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Kamarck, Edward (ed.) / Arts in society: growth of dance in America
(Summer-Fall, 1976)

Hayes, Elizabeth
Dance in academe: [dance in the universities: yesterday, today and tomorrow],   pp. 340-[345] PDF (6.1 MB)


Page [342]


only a handful of states have acted to recog-
nize that dance is as legitimate an area for
independent certification as art or music.
Many high school students have never had the
privilege of a dance experience. And in high
schools where a feeble attempt is made to
teach dance by inadequately prepared teach-
ers, the dance programs are likely to remain
static. Thus, a vicious circle is established-
the classes create little student interest, so
there is insufficient demand for dance special-
ists, so student interest does not grow, and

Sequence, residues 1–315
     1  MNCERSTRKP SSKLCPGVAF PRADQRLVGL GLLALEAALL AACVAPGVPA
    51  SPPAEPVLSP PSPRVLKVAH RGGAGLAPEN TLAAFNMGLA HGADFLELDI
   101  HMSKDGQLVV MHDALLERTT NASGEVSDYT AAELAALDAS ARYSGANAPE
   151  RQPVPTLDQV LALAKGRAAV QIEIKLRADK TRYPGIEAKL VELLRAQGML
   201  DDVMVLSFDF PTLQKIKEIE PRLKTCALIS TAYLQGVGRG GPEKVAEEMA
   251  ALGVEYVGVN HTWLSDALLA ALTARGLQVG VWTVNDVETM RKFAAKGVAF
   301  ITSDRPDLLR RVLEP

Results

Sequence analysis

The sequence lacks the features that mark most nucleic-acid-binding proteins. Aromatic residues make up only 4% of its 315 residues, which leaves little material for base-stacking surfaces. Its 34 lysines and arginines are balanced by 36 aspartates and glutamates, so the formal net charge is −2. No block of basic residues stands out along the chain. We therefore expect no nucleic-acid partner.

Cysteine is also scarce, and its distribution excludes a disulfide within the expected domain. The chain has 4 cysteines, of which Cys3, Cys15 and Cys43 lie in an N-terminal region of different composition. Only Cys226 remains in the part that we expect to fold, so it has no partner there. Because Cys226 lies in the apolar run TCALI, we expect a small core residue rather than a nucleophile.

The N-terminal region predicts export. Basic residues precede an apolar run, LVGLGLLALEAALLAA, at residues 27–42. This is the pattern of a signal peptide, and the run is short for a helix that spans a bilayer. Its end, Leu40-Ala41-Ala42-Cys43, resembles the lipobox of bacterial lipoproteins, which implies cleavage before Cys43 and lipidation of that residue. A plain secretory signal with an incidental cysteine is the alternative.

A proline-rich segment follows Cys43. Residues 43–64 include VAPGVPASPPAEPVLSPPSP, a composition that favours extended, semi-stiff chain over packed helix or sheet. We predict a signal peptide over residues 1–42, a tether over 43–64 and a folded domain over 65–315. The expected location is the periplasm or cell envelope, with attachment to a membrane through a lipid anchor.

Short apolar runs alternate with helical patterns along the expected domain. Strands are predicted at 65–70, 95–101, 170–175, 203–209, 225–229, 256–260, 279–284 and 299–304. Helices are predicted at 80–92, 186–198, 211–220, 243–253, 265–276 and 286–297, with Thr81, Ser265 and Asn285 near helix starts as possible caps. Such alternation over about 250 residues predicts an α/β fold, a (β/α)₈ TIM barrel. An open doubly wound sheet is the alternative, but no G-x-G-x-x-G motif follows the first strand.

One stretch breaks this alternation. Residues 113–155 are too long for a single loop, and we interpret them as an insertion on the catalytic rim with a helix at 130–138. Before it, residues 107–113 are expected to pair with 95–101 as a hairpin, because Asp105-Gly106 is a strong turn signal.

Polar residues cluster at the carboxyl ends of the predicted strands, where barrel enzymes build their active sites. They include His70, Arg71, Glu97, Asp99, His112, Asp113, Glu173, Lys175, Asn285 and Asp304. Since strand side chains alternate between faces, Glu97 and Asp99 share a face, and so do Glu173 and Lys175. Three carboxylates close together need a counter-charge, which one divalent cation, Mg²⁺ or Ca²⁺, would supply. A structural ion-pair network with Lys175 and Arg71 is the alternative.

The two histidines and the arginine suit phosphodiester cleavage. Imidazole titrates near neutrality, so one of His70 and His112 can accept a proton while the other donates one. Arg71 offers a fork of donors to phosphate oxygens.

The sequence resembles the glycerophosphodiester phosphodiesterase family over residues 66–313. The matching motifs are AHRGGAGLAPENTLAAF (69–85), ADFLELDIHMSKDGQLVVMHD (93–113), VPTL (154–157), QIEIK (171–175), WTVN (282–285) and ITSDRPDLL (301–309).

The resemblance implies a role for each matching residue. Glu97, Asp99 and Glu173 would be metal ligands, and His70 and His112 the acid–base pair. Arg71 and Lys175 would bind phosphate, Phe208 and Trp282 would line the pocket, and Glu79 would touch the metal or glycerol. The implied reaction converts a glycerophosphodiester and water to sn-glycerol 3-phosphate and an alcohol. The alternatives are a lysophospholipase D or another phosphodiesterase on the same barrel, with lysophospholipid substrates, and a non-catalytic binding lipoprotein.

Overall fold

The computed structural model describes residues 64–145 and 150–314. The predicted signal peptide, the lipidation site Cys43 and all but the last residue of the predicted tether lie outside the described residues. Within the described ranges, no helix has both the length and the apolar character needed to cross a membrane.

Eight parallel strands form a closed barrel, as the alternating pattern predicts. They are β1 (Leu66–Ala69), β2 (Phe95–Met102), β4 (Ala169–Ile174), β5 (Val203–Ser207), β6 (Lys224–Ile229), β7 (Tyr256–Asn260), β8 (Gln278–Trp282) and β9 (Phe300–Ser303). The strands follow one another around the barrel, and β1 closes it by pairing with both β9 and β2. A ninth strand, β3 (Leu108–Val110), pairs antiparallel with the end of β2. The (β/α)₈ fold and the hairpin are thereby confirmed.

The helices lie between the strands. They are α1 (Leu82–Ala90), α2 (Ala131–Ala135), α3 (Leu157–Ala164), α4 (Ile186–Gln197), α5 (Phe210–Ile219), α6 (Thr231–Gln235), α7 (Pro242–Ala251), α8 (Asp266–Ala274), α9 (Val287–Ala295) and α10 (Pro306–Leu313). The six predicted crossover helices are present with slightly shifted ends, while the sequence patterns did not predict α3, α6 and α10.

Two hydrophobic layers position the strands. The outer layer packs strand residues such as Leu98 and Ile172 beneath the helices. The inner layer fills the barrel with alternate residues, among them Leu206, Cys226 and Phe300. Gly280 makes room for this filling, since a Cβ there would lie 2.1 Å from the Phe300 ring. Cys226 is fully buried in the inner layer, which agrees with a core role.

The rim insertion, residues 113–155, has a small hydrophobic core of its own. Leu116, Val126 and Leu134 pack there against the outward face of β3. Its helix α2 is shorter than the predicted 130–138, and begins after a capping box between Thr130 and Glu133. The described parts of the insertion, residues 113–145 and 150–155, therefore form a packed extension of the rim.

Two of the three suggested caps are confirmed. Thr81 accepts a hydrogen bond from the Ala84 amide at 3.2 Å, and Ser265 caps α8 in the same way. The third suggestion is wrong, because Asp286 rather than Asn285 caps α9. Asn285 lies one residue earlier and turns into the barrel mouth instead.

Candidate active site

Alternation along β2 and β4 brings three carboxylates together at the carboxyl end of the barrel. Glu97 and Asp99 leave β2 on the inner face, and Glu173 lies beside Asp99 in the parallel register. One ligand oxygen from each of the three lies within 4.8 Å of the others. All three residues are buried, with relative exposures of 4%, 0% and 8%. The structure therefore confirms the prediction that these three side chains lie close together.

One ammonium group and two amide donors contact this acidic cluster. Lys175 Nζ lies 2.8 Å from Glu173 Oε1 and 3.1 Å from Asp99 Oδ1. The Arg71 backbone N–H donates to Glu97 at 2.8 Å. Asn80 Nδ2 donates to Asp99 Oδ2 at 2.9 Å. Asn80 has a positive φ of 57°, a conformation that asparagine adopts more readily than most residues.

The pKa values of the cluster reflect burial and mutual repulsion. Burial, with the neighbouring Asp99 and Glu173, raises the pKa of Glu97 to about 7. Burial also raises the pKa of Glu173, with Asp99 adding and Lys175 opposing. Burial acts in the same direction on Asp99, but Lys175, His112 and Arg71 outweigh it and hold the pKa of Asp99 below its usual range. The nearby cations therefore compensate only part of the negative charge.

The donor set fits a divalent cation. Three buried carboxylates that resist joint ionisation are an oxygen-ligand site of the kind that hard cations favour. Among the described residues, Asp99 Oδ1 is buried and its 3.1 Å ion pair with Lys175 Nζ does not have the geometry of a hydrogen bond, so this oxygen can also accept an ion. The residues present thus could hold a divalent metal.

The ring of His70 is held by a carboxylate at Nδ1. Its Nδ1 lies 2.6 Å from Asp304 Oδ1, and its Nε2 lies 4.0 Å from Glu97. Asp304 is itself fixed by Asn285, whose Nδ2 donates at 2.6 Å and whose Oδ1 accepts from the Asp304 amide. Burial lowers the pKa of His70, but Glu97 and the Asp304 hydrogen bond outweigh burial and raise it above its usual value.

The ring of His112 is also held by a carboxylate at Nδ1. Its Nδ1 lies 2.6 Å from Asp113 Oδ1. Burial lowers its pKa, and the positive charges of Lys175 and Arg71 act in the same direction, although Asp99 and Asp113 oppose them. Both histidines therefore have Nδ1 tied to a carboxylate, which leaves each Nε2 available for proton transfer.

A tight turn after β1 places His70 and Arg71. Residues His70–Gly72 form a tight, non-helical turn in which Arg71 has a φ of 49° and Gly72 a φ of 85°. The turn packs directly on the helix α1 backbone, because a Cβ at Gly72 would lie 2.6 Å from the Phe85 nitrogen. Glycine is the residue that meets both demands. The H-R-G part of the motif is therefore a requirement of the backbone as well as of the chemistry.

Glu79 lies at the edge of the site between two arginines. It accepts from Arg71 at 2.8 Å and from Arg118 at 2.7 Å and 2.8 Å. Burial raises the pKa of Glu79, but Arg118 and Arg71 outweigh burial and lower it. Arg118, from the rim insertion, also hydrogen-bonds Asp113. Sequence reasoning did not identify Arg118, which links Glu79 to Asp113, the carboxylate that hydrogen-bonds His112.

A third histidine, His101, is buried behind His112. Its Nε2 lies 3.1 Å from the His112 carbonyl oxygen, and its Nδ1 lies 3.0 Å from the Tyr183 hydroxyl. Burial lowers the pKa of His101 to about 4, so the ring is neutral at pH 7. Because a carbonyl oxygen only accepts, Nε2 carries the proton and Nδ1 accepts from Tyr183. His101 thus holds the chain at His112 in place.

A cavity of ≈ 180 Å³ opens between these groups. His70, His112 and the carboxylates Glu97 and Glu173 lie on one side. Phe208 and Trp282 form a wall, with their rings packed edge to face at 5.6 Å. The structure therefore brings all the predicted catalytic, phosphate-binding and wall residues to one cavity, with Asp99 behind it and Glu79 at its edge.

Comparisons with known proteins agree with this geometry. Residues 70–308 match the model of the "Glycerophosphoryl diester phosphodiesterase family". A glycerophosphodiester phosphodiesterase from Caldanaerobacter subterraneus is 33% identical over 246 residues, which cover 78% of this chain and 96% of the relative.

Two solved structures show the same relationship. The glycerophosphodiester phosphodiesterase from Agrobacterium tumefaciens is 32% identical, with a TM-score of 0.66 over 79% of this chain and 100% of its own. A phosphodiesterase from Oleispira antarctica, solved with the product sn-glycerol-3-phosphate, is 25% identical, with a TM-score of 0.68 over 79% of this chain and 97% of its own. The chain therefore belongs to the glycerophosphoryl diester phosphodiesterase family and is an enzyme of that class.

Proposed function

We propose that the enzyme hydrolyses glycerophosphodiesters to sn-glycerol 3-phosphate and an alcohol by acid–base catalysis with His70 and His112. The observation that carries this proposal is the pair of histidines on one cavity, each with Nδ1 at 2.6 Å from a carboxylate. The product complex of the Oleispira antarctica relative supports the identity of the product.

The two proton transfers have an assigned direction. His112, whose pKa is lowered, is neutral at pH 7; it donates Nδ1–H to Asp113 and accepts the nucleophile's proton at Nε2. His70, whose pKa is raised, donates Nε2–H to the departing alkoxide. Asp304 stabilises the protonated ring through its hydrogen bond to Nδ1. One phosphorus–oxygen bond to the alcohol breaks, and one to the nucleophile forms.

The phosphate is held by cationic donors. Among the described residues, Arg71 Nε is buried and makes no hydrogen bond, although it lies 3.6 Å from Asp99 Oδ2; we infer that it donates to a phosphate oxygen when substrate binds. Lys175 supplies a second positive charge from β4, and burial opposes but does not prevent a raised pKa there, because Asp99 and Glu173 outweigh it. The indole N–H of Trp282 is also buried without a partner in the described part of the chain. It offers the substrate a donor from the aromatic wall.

so on around the circle ad infinitum. On the
other hand, in secondary schools where well
trained dance teachers are employed there is
ample evidence that dance is not only popu-
lar, but the quality of the program and the
student interest is more than sufficient to
justify the continual training and certification
of dance specialists. If there are ever to be
quality programs in dance throughout our
high schools, teacher certification is essential.
It is high time that secondary schools assume
some of the responsibility for providing
worthwhile dance experiences for all who
desire them, and for elevating the level of
appreciation and enjoyment of dance as an
art form. Eventually we must turn our atten-
tion to certification for dance in elementary
schools where the flame of creativity still
flickers tenuously.


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